- “The most common challenge I see with women in the workplace has to do with speaking up and advocating for themselves. Most of the women forget that they are fully qualified to be at their place of work, so they should express their opinions, demonstrate their knowledge, and not be afraid to show their authority on matters. While this may be difficult at first, I think it is important to remind yourself that if you were hired, there was a reason for it so your opinions are valued just as much as anyone else’s. Taking this further, women tend not to advocate for themselves and believe their work will speak for themselves. Sadly, this is seldom the case and people need to be respectfully reminded of your accomplishments so that you get what you deserve. The best way to achieve this is by taking stock of your accomplishments quarterly or at some other frequency and sending them to your superiors as a “status update/posting” type notification. Then ahead of annual reviews, you can summarize these accomplishments and come prepared for any discussions around performance, compensation and promotions.” –Alaukita “Kita” Shah, Vice President of Opportunistic Investing, Rockefeller Capital Management
- “One of the big challenges can be balancing career and family. By the age of 29 I was already a mom of three and had spent 8 years in investment banking and earning an MBA in finance, so I know about the challenges of doing both at the same time. It’s critical to realize that you are entitled to have a life in addition to work. Don’t be intimidated by a male dominated environment. Be confident and set boundaries for yourself. If you work in an area that is male dominated (I was frequently the only woman and only person of color on my team and sometimes in the whole department!) realize that you can use your differences to your advantage. I learned this from one of the MDs at the bank I worked for right out of college. She stood out from the others because of her amazing feminine energy (always accented with a brightly colored scarf around her neck) and used it to command attention in a room full of men. Being a woman is a gift, so make sure you recognize that we have unique ways of thinking and problem solving that can be a huge asset in the business world.” – Erica Duignan, Founding Partner, Reign Ventures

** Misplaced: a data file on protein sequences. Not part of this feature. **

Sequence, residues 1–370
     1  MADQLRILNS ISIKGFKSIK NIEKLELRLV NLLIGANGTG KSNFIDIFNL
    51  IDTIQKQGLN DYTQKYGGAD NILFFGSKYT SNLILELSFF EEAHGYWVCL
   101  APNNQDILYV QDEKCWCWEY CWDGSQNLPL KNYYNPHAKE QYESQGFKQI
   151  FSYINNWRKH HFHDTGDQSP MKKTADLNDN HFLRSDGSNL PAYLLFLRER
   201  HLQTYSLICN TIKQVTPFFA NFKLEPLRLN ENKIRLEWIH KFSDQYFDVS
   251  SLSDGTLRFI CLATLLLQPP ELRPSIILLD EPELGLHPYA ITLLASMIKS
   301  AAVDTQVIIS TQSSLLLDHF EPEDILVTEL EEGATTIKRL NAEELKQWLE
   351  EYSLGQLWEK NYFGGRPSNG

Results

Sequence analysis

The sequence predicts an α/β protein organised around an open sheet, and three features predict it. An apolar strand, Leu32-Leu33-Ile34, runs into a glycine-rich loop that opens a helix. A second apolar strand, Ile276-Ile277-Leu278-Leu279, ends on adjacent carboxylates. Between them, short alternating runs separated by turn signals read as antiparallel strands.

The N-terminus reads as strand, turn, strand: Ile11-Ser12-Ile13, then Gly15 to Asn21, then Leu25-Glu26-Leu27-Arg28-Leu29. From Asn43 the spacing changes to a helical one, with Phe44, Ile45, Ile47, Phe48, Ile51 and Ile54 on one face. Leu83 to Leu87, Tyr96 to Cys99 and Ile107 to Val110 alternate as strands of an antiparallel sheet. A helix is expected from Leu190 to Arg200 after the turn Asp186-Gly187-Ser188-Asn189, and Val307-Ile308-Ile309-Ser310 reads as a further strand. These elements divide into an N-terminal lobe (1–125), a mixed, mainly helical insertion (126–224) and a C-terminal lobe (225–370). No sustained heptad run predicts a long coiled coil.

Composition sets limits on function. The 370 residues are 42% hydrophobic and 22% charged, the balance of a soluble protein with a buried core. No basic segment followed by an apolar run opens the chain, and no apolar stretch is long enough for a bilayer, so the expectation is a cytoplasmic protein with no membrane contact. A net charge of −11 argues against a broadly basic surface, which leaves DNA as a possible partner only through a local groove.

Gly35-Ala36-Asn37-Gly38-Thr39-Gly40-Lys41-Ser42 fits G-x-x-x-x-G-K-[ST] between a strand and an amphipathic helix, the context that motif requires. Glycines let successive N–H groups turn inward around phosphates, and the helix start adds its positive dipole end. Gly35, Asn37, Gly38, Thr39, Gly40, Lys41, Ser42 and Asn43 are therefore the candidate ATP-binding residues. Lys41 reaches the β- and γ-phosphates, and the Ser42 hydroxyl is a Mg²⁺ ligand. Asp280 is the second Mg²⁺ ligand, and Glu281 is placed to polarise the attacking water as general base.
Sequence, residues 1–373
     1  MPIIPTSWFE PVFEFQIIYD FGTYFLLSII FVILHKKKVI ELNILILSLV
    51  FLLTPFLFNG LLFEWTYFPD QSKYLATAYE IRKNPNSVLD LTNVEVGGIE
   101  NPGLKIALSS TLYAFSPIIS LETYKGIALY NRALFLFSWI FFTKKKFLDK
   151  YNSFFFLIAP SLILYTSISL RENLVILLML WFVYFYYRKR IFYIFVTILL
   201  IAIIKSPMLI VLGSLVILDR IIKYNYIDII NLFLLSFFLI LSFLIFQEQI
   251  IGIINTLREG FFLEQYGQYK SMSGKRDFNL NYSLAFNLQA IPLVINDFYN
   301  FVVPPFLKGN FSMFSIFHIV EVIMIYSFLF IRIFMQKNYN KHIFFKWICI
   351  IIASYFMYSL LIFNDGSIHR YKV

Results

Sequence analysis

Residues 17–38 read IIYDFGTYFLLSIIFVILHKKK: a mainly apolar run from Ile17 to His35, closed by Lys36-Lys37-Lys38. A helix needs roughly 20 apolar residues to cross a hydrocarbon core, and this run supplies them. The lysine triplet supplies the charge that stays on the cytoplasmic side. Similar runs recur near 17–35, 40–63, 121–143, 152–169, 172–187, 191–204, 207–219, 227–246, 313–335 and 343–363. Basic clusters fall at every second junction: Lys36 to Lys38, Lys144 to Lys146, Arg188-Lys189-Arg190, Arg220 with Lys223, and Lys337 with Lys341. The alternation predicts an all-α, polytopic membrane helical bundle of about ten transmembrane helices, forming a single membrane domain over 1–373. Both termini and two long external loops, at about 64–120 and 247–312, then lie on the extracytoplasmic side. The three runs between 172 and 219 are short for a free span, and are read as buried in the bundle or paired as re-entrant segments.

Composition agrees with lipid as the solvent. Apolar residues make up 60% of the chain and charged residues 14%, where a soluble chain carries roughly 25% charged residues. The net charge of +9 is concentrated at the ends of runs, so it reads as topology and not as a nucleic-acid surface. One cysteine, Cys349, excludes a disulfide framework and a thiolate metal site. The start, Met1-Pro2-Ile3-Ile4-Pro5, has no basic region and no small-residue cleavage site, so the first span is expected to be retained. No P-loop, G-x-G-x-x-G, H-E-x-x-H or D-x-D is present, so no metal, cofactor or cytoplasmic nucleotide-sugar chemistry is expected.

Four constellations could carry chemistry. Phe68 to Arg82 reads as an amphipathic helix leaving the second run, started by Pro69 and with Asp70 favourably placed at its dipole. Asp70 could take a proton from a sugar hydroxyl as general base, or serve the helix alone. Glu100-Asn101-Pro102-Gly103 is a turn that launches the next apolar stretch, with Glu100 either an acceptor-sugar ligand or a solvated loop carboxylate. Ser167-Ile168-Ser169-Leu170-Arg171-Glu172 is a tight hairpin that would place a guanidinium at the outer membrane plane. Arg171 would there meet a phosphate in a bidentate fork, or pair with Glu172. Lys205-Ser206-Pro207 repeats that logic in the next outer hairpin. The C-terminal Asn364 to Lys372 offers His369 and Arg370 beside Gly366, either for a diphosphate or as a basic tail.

- “I beat myself up a lot through my career that I wasn’t being a great parent or that home distractions were getting in the way of being a great worker when at the office. I ultimately found the right balance by finding trusted and reliable childcare and the right support model at home so that I could be effective in the office and setting boundaries when home so that I’m not distracted by work when it’s time to focus on my family. It’s tricky finding the right balance but ultimately I got there and didn’t always feel like I wasn’t doing a good job anywhere. Accept that it will never be perfect, but do the best you can – that’s all you can do. Today my three daughters look up to me and understand and appreciate the sacrifices I’ve made along the way – there is no greater feeling than that!” – Kimberly Terjanian, CFO, Centerbridge Partners, L.P.
In honor of Women’s History Month, can you share any hopes or thoughts in general about the progression of women in FS?
- “I think there has never been a better time to be a woman in financial services, but my deepest hope is that the industry continues to do better by women and minorities generally. While there is still so much that could be improved, it has been extremely gratifying to see the changes that have swept the industry since I began my career. Young women going into finance can be more confident than ever before that no position is too high for them to attain.” – Victoria Grace, CEO, Queens Gambit Growth Capital
- “The women before me ate nails for lunch. They thought there was only one seat at the table. My hope is that women pull up women and keep putting extra seats at the table. The more we pay it forward, the more change will happen.” – Hope Taitz, CEO and interim CFO, Aequi Acquisition Corp.
Thank you to all who participated by sharing these wonderful insights!There is undeniable growth in female-founded companies, and they’re expected to gain even more momentum in the coming years. In Withum’s Women in Financial Services group, our goal is to strengthen and support women in the financial services space through developing new relationships, creating opportunities, widening networks and encouraging a stronger sense of community of women in business.